Sunday, February 26, 2006

Smoking Bans In Force Soon

The Indy Star has a lengthy article in today's edition, discussing the smoking bans that will soon be in force around Central Indiana. Many of these bans take effect March 1.

I'll restate my position here. I do not smoke. I never have. I don't like second-hand smoke. When a place is too smoky for my liking, I leave. I never take my son or infant daughter into a place that allows smoking. However, I believe that while the health issues have strong merit, I also believe that the property rights of business owners come first. The property owners should have the right to set their own policies as regards their businesses on their properties. It should be sufficient to post a sign on the front door indicating the smoking policy at any establishment so that a customer can make the appropriate decision. Besides, tobacco is a legal product for adults in the United States.

Alas, this America has drifted away from its' land of the free status towards a nanny state, where decisions are made in everyone's best interest ahead of time, reducing the choices of business owners and customers alike.

Annie Tomey, a Greenfield restaurant owner, was quoted in this article, sounding these same notes:

While some places are adapting to the change, a group continues to lobby for a less restrictive ban. Among them is business owner Annie Tomey, 58, who has been one of the ban's most vocal critics.

She estimates that 80 percent of her patrons at Annie's Restaurant are smokers. She'll follow the ban when it goes into effect -- "or they're going to fine me to death" -- but she's not happy.

She and several other business owners have formed a coalition to change the law.

The smoking ban "is about taking our freedom of choice away from us," Tomey said.

As other area restaurants have voluntarily gone smoke-free in recent years, smokers have gravitated to her business, Tomey said.

"This is still the best country to live in," Tomey said. "But it's getting to the point where our politicians are going overboard."

I support Annie Tomey's property rights. Greenfield does not. Here I stood with Annie outside her restaurant in October, as Libertarians stood with her to oppose the then-proposed law.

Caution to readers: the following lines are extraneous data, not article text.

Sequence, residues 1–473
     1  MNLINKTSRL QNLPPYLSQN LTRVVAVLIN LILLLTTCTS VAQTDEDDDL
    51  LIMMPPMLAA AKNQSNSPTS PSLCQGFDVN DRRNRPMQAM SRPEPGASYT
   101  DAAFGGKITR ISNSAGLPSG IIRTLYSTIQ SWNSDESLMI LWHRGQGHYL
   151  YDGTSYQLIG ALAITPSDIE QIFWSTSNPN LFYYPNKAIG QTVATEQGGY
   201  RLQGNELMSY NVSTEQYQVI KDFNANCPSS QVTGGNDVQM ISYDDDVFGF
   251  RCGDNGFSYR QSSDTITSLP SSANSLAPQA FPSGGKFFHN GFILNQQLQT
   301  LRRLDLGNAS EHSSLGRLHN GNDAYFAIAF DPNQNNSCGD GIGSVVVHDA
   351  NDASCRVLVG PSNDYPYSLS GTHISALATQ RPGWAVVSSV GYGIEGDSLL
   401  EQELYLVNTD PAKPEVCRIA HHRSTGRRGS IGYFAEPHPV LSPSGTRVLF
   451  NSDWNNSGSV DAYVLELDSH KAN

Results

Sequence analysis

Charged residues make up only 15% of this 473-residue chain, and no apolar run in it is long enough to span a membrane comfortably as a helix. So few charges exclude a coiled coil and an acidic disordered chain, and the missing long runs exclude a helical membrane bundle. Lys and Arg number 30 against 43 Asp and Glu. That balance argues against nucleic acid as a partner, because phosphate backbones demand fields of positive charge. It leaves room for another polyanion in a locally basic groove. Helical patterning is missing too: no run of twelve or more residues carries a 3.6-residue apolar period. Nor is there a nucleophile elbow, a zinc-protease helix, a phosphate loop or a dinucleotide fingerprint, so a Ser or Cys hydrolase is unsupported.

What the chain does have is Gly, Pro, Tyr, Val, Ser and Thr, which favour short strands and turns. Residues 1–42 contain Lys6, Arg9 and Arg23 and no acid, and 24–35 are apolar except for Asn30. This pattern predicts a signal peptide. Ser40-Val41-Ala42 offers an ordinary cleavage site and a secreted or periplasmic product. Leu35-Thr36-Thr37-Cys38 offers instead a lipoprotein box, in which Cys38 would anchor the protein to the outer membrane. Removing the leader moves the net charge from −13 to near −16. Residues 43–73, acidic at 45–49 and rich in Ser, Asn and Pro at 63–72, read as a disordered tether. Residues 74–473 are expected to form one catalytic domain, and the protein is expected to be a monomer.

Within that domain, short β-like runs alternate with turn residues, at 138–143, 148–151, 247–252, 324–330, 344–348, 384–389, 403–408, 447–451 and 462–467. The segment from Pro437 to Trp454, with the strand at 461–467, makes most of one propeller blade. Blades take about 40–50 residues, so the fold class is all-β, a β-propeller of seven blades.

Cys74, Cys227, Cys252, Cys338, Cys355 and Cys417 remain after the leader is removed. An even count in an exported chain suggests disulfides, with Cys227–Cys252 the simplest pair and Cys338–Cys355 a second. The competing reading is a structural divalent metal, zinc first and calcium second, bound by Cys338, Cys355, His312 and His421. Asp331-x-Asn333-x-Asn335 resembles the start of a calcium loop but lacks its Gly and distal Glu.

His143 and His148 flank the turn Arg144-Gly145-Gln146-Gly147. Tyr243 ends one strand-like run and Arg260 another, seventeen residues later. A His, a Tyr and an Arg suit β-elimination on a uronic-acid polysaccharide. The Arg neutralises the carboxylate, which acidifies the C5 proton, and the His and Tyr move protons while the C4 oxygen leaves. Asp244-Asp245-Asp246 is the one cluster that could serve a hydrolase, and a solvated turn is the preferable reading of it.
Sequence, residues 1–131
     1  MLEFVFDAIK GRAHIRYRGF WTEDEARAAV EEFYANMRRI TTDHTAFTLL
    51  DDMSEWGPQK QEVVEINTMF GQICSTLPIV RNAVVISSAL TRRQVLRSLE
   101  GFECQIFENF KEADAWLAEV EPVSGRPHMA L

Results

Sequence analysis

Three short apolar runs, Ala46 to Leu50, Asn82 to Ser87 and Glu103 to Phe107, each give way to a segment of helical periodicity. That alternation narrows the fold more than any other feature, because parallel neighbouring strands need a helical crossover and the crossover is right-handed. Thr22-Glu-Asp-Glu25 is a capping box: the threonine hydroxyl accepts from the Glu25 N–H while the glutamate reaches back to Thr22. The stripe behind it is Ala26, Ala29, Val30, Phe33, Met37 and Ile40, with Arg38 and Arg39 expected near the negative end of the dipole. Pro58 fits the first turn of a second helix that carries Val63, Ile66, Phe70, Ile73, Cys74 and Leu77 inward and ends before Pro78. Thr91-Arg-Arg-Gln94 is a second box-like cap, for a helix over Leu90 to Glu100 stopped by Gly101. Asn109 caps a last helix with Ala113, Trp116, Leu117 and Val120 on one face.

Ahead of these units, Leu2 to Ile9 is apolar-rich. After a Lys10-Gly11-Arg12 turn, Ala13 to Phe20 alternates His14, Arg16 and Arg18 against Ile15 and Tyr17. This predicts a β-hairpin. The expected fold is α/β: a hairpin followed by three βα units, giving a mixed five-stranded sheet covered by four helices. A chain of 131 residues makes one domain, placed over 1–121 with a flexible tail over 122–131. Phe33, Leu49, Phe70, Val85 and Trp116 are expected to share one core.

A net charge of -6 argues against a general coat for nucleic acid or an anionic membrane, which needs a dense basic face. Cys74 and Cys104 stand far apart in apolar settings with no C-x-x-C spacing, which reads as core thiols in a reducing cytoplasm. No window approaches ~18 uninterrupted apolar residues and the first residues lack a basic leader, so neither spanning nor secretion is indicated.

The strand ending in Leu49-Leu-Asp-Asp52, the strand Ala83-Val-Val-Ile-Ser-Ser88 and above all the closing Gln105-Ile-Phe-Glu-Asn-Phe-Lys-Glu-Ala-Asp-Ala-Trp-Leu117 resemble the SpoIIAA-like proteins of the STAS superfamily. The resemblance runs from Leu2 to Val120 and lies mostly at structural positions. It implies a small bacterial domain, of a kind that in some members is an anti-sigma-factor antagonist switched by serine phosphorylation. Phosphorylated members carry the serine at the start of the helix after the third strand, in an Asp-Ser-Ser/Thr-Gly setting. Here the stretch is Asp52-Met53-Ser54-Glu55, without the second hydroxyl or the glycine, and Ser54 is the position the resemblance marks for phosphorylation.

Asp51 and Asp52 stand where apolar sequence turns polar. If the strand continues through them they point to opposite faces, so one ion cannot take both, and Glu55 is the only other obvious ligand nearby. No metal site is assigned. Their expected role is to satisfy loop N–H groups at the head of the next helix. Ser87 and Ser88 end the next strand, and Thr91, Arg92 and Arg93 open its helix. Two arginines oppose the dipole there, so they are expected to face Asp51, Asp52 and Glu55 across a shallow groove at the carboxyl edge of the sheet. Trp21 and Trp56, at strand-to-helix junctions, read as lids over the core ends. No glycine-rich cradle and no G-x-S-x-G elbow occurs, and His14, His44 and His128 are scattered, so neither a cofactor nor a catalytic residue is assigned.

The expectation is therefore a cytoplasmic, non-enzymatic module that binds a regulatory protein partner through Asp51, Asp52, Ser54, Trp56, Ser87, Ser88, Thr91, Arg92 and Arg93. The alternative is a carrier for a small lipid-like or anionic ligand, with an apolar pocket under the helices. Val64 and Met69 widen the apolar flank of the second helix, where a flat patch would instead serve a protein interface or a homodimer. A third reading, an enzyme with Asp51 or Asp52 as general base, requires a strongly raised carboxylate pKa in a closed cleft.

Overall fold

Greenfield is not unlike other municipalities, who were swayed by the lobbying efforts of the American Heart Association and other groups. Again, I do not debate the dangers of cigarette smoke. I do debate the means by which we address the issue.

One of the compelling arguments the Heart Association makes is that society bears the medical costs associated with smoking. Unfortunately, that's increasingly true, as we have increasingly socialized medicine in this country. Since Americans are decreasingly responsible for their own health care costs, they can walk away from the cost consequences associated with bad health decision making. We wouldn't need health nannies if Americans were responsible for their choices. We wouldn't need health nannies if this example offered in the Star weren't so common:

Jennifer Deeter and her 3-year-old, Emma, ate lunch Thursday at the Hard Rock Cafe less than 10 feet from a man at the bar smoking an American Spirit cigarette.

Having her daughter so close to someone lighting up bothered Deeter. A smoker herself, the 32-year-old Irvington artist tries to abstain around her four children.
Why would a mother take a 3-year-old to lunch at the Hard Rock and allow the hostesss to seat them 10 feet from the bar? Is it honestly possible that she didn't know that the Hard Rock allowed smoking? Or, that people smoke at bars? Was it not possible for her to choose a smoke-free establishment to take her child to?

This is what it comes down to- selfish patrons wanting to have it both ways. "I'm here now, so you have to change". Cities bolster citizens who of their own volition would make bad choices unless the parameters are altered to make the place safe for them.

So, we are willing to sacrifice property rights to accomodate them. That's a real tragedy. This example reminds me of the family who builds a home alongside the railroad tracks that carried trains for the past 150 years in that spot, and then the family complains about the noise. It's arrogant and selfish. But more than that, it's irresponsible.

The result is that the intelligent business owners who had both smoking and non-smoking sections can no longer accomodate smokers and non-smokers. It doesn't matter how good the ventilation is. Unless the situation is like the Fishers Claude & Annie's, where the bar and restaurant are literally separated by a wall, the business owner has to choose to lose one segment of their clientele.